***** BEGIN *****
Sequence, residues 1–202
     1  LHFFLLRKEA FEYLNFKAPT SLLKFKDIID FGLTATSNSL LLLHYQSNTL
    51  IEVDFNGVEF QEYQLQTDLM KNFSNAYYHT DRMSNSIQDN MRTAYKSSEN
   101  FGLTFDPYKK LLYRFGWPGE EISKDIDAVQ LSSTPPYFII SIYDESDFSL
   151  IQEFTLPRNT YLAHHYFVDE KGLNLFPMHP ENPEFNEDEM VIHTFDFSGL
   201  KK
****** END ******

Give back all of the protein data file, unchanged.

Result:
Sequence, residues 1–202
     1  LHFFLLRKEA FEYLNFKAPT SLLKFKDIID FGLTATSNSL LLLHYQSNTL
    51  IEVDFNGVEF QEYQLQTDLM KNFSNAYYHT DRMSNSIQDN MRTAYKSSEN
   101  FGLTFDPYKK LLYRFGWPGE EISKDIDAVQ LSSTPPYFII SIYDESDFSL
   151  IQEFTLPRNT YLAHHYFVDE KGLNLFPMHP ENPEFNEDEM VIHTFDFSGL
   201  KK